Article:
As the nation's chief executive and Senate majority leader prepare to face off for the presidency, Democrats and Republicans warned Sunday of the possibility of a congressional session aimed more at scoring political points than resolving major issues.
The contest between President Clinton and Sen. Bob Dole, the presumed Republican presidential nominee, shifts now to the congressional arena as the primary election campaign wraps up and the national political conventions remain months away.
In televised interviews, White House Chief of Staff Leon E. Panetta and Democratic congressional leaders questioned whether Dole, in returning to Washington to manage his party's agenda in the Senate, will genuinely seek bipartisan agreements on the major issues pending before this session of Congress or will instead pursue hard-line positions designed to preserve good campaign fodder for the race.
"If he's serious about getting things done, then he's got to make a choice whether he's going to moderate his positions or continue to embrace extreme positions," Panetta said on CBS-TV's "Face the Nation."
But GOP leaders said they and Dole will give Clinton abundant chances to do serious legislative business this spring--if he is truly willing to work with them. If he holds firm and just issues vetoes, they said, the continuing government gridlock will be his own fault, and his own political problem.
In Congress, said Rep. Susan Molinari (R-N.Y.), Dole will be "trying to be Senate majority leader and getting all this legislation that Clinton has vetoed time and time again back on the president's desk. . . ."
Republicans are "anxious to start comparing and contrasting everything that Bob Dole stands for and has worked for, versus everything that Bill Clinton has gotten in the way of," Molinari said on the CBS program.
The talk-show comments illustrate the extent to which this Congress will be entwined with the presidential campaign and the two leaders' political positions. With the two candidates serving as front-line leaders of their parties' legislative agendas, many political analysts believe that achieving agreements, even where there is common ground, could be much more difficult. Each deal could be perceived either as a political trophy or a damaging concession.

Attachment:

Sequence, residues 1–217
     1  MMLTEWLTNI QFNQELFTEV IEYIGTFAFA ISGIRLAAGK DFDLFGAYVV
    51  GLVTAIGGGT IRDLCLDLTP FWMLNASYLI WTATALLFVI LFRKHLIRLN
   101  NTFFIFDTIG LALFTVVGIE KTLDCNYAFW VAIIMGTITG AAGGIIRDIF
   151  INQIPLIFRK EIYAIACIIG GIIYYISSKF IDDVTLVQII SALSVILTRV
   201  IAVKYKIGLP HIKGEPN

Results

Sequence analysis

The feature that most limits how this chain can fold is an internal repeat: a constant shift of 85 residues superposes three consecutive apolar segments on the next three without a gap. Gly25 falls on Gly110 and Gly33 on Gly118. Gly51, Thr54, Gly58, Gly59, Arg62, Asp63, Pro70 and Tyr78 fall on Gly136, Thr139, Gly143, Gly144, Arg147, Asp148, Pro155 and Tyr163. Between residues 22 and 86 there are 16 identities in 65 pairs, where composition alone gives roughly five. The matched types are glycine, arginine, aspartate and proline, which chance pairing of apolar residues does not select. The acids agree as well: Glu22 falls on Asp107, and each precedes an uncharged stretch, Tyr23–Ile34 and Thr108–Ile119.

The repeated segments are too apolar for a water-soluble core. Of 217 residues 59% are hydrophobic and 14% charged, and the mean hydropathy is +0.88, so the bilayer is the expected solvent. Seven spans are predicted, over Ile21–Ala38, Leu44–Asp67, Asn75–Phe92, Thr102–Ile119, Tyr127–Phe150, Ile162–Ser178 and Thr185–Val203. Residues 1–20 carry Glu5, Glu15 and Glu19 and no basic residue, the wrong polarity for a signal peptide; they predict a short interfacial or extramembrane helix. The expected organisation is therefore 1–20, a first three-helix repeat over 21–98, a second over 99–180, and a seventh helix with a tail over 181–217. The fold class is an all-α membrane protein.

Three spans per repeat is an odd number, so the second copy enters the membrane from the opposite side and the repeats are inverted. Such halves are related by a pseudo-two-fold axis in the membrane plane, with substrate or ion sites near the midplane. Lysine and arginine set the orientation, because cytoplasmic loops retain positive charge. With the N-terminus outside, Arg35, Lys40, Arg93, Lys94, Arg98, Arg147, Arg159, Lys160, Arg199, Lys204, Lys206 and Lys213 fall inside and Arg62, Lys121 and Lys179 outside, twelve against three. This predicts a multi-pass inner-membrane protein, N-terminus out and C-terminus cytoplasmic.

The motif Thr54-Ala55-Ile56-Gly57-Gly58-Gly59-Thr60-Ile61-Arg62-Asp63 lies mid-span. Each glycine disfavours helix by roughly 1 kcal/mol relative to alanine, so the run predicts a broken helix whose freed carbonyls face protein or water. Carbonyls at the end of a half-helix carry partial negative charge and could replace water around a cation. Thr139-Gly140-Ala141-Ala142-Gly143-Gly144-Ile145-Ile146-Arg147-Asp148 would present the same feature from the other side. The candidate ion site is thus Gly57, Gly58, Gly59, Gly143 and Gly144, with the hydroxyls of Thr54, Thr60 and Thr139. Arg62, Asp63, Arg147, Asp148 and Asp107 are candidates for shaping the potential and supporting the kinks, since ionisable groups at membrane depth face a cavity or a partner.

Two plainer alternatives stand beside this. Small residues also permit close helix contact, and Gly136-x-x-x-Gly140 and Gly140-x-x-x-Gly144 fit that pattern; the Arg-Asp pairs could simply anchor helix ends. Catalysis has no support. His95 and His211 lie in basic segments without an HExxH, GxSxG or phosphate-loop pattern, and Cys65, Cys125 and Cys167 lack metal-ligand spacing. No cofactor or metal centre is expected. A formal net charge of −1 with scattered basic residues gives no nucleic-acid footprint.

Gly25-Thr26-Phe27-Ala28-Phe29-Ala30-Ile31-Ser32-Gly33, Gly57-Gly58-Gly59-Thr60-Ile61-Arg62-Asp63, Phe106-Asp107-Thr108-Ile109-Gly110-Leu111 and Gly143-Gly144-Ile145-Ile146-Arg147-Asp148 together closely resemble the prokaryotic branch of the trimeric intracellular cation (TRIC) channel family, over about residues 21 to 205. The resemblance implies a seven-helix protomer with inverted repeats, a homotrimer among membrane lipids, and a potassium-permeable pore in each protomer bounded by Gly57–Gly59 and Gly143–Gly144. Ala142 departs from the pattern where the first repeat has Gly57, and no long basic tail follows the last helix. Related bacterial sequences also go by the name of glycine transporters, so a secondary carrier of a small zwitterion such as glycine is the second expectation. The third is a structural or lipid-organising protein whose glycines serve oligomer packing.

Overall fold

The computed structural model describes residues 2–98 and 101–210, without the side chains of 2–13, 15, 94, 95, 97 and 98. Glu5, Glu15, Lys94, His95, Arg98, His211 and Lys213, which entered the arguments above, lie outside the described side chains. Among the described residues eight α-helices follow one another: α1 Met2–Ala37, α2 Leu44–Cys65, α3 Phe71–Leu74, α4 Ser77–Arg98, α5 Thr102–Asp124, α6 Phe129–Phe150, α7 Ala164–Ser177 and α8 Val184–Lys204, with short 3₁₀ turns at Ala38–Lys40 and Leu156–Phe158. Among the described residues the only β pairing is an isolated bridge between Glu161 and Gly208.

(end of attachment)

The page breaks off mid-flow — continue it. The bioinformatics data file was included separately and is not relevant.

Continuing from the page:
Although Clinton and congressional Republicans have recently reached a stalemate over a number of bills, including an antiterrorism measure and product-liability legislation that Clinton has threatened to veto, Republican leaders say they still have a long list of major initiatives that they intend to pass in the next few months.
House Majority Leader Dick Armey (R-Texas) said his priorities include passing a balanced budget and completing work on plans to reform welfare, Medicare and Medicaid. He said he is confident bills on these issues could be sent to the president for his signature.
"We intend to pass good law for the American people, and if he [Clinton] doesn't sign them, he'll have to deal with that when he deals with the American people out on the campaign trail," he said on NBC-TV's "Meet the Press."
But Democrats question whether the legislation, particularly for welfare reform, would be written so that Clinton could accept it or would be deliberately crafted to provoke a veto. The president has already vetoed one GOP welfare reform plan and a second rejection could provide a potent issue on the campaign trail.
Another major issue to be resolved is the budget, and Armey said he believes Congress and the White House will avert another shutdown of the government as they try to work out a compromise on the 1996 spending plan.
Senate Majority Whip Trent Lott (R-Miss.) chastised Clinton for threatening to veto a bill to fund the government to Sept. 30, because it includes $166 billion for education programs, rather than the $169 billion he seeks.
"What kind of cooperation is that from the president of the United States? He is not the only branch of government. We are co-equal," he said on "Meet the Press."
Also appearing on the NBC program, Senate Minority Leader Tom Daschle of South Dakota and House Minority Leader Richard A. Gephardt of Missouri said their priorities will be a balanced-budget plan, a higher minimum wage and a plan for workers to keep health insurance when they change jobs.